IGF-I has been shown to be closely related with proliferation, differentiation and hypertrophy in both rat12,13 and mouse14,15 cell lines. We investigated whether or not SeVvector-mediated hIGF-I gene transfer can induce morphological change to L6 cells, a neonatal rat myoblast cell line. The newly constructed recombinant SeV vector harboring human IGF-I (hIGF-I) gene, designated as hIGF-I/SeV, and the vector carrying β-galactosidase gene (LacZ/SeV)16 were used and investigated to clarify the following: (1) the detection of hIGF-I expression in the cell culture supernatant (Western blotting analysis); (2) the kinetics of hIGF-I expression in the supernatant (ELISA assay); and (3) the morphological change in L6 cells. (1) In the L6 cells infected with hIGF-I/SeV with a multiplicity of infectivity (MOI) of 0.1, a polypeptide with an approximate molecular mass of 12–13 kDa reactive to the anti hIGF-I antibody was observed in the culture supernatant at 3 to 4 days after infection (Figure 1a, lanes 3 and 4). This peptide is expected to be the hIGF-I precursor, which has an additional peptide of 35 amino acid residues at its carboxyl terminus.17 This protein species was absent in the LacZ/SeV-infected samples (Figure 1a, lane 2). These results demonstrated that substantial amounts of hIGF-I were produced by the recombinant SeV vector and were secreted into the culture supernatant. (2) Figure 1b shows the kinetics of the hIGF-I secretion in the supernatant of L6 cells infected with hIGF-I/SeV under single-cycle growth conditions. Under the infectious conditions with an MOI of 0.05, the hIGF-I concentration of the supernatant reached 203 ng/ml at 48 h after infection without any induction of the cytopathogenicity to the cells and thereafter increased up to 435 ng/ml at 96 h. At an MOI of 0.5, hIGF-I of 566 ng/ml and 935 ng/ml were secreted into the medium at 48 and 96 h, respectively. When an MOI was 2.5, hIGF-I secretion was detectable even at 12 h (39 ng/ml) and reached 463 ng/ml at 24 h. No hIGF-I was observed in the LacZ/SeV-infected fluid. These results show the noteworthy enrichment of the products via SeV vector-mediated gene transfer. These levels of hIGF-I protein production by the L6 cell line infected with the hIGF-I/SeV were over 100-fold higher than those reported for the C2C12 cell line tranfected with a naked plasmid.18 (3) The L6 cell line is known to not express IGF-I but present IGF-I receptor.19 Therefore, the cell line is responsive to an exogenous IGF-I, thus resulting in the induction of hypertrophy.20 To examine the biological functions of the hIGF-I derived from hIGF-I/SeV on such myogenic properties, we differentiated confluent L6 myoblast cultures in the media containing the hIGF-I derived from the cells infected with the virus. L6 cells were first grown in a proliferating medium containing 20% FCS, and when 80% confluent, the cells were transferred to differentiation conditions, such as in a serum-free medium, a serum-free medium with 10 ng/ml of authentic hIGF-I protein or in a serum-free medium containing the virus-derived hIGF-I. All samples contained 500 μg/ml of bovine serum albumin to suppress the loss of hIGF-I by adsorption to vessel surfaces.21 Four days after the virus infection clear differences in cell morphology were observed depending on these conditions (Figure 2). The cells were treated with the monoclonal antibody against the embryonic subunit of the myosin heavy chain (MyHC), BF-45.22,23 The bound antibody was detected by Alexa Fluor 568 goat anti-mouse IgG(H+L) conjugate. The nuclei of myogenic cells were visualized by propidium iodine staining (PI). The cells infected with an MOI of 0.05 (Figure 2a, e) or 0.2 (Figure 2b, f) of hIGF-I/SeV formed larger myotubes, and exhibited a multiple nuclear organization in the middle of the myofibers (Figure 2e, f). The induction of hypertrophy is apparent from the increased larger myotube size and width (Figure 2a, b), than those seen in the serum-free control conditions lacking hIGF-I (Figure 2d, h). The morphological change induced by the viral infection seems to be consistent with that induced by hIGF-I protein (Figure 2c and g). These results indicated that the recombinant hIGF-I derived from the SeV vector was biologically functional in vitro and could induce myogenesis for the neonatal rat myoblast L6 cells.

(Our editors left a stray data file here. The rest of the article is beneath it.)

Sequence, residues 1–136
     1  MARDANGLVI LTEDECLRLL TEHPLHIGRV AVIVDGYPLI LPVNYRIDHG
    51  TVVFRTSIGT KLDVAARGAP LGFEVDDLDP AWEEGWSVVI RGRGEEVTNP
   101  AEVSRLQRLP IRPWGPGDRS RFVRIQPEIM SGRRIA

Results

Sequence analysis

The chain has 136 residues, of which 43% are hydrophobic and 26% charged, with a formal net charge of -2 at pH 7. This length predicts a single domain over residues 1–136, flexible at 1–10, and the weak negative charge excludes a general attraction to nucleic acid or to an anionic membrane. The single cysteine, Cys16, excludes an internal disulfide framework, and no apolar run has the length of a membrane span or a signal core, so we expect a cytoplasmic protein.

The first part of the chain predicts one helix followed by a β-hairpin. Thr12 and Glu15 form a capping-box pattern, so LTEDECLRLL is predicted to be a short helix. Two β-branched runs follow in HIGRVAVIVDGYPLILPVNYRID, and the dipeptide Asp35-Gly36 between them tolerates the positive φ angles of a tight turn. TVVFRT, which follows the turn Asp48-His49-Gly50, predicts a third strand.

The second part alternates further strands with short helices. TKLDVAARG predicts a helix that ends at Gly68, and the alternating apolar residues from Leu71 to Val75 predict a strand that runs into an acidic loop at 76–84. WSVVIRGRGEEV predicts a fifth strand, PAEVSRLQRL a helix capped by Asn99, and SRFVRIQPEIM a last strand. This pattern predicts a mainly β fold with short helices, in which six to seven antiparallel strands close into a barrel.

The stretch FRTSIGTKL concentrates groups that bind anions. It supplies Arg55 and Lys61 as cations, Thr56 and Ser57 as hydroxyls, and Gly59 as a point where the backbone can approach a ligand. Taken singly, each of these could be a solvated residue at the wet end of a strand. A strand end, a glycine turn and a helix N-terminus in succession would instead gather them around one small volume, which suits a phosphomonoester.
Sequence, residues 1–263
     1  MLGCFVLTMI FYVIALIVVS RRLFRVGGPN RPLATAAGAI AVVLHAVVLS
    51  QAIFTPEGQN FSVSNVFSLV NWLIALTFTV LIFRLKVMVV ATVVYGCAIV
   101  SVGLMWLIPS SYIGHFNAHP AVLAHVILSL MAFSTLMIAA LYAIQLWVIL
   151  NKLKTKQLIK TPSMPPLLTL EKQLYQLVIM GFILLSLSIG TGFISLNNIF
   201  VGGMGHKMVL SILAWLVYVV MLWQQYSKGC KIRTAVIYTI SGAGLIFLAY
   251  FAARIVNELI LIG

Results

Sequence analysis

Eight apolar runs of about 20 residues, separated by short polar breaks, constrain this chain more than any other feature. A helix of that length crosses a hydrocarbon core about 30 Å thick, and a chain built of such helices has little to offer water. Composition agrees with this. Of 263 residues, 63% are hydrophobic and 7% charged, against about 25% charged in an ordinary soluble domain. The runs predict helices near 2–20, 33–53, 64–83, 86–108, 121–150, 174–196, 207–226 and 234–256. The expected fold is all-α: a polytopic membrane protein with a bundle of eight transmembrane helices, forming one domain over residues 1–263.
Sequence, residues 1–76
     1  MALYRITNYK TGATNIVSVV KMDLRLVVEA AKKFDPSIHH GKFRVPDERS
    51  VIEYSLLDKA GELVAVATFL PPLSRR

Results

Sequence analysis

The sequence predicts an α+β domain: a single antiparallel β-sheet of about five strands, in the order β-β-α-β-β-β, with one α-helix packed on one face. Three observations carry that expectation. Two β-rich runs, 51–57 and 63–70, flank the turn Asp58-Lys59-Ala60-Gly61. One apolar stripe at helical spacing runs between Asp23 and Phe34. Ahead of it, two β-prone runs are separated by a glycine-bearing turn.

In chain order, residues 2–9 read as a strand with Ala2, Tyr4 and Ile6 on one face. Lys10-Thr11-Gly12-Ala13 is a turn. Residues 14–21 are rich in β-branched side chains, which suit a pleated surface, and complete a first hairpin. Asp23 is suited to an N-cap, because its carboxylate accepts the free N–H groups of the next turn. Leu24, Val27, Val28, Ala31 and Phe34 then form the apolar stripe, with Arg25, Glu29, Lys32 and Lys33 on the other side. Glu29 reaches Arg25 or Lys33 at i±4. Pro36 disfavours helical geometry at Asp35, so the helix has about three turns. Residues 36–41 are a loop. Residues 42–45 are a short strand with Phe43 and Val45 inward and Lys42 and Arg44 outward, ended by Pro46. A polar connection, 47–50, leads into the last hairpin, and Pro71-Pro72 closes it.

LacZ reporter gene expression in vivo